Third, civilian governments must attain genuine popular support as a bulwark against unconstitutional political moves. And they must simultaneously strive to integrate the so-called ‘centrifugal political forces’ into mainstream politics through robust political and social security measures. In the restive province of Balochistan, for instance, there is no political roadmap other than narrowly focused security-based makeshift solutions to longstanding political problems.
Fourth, the current government must immediately work towards an inclusive political framework that can entail extending constitutional cover and writ of governance to hitherto politically excluded regions like Gilgit-Baltistan.
This calls for formulating a clear, realistic and time-bound roadmap for democratic transition and the mainstreaming of institutions of peoples’ representation. Pakistan is at a critical juncture of its history today in the context of converging international interests that compete for a larger pie in the global economy and strive to control areas of geostrategic importance for political and economic supremacy.
The reverberations from the so-called ‘New Great Game’ have begun to be felt with the launch of the CPEC – in particular in Gilgit-Baltistan, the gateway of the CPEC. There is an increasing sense of deprivation in Gilgit-Baltistan for being politically and economically marginalised for seven decades now. This is further aggravated because the very gateway of the CPEC has nothing to gain from the huge investment of $46 billion.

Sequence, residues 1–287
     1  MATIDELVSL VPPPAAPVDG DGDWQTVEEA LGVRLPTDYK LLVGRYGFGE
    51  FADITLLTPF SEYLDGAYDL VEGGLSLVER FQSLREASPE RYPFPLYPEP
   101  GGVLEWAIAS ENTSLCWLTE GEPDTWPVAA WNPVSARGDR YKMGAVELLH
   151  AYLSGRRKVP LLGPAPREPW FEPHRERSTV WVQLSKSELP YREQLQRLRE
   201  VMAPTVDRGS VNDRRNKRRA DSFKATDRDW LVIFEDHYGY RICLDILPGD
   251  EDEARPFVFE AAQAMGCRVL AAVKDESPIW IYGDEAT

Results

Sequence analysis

First and foremost, Gilgit-Baltistan must be brought under the ambit of the Pakistani constitution to allow these people to realise their full potential and contribute towards national development. The area has huge development potential from tourism – one of the most lucrative and profit-making industries of the world.
GB also has 60,000MW identified potential of power generation from its hydro resources and huge mineral reserves, so critical for the socioeconomic development of Pakistan. This huge geographical area of 28,000 square miles with two million in population has all the economic, political and legal credentials to be the fifth province of Pakistan. One can imagine the patriotism of these mountain communities who won their own freedom from the pro-Indian Dogra rule on Nov 1, 1948 without any external support and then voluntarily joined Pakistan.
The people of GB retained their unique cultural and political identities even when under occupation by the foreign invaders from Kashmir during the time of British colonialism. The people of GB never found any cultural and political resonance with the occupation forces of Kashmiri rajas. Their diverse cultural and ethnic mosaic and politically imagined identities could not be assimilated into a foreign culture and political system.
Pakistan, therefore, needs to rethink its Kashmir policy vis-à-vis GB in the backdrop of the unique cultural and political history of this region rather than imposing the colonial legal and political instruments of what Prof Mehmood Hamdani would term the ‘dichotomy of citizens and subjects in the same country’.
It would not be politically wise to keep the people of GB deprived of their legitimate political rights in an era where certain regional and global economic and political interests may exploit this sense of deprivation to foment violence at the gateway of the CPEC.
The solution does not lie in beefing up security along the CPEC route as we are used to doing in Balochistan – albeit ineffectively. There is a larger political and constitutional question that must be addressed to attain peace, harmony and prosperity. We can hardly afford any delays to dispense democracy if we are committed to peace, prosperity, stability and transformation in Pakistan.
The writer is a freelance columnist based in Islamabad. Email: firstname.lastname@example.org
Courtesy: The News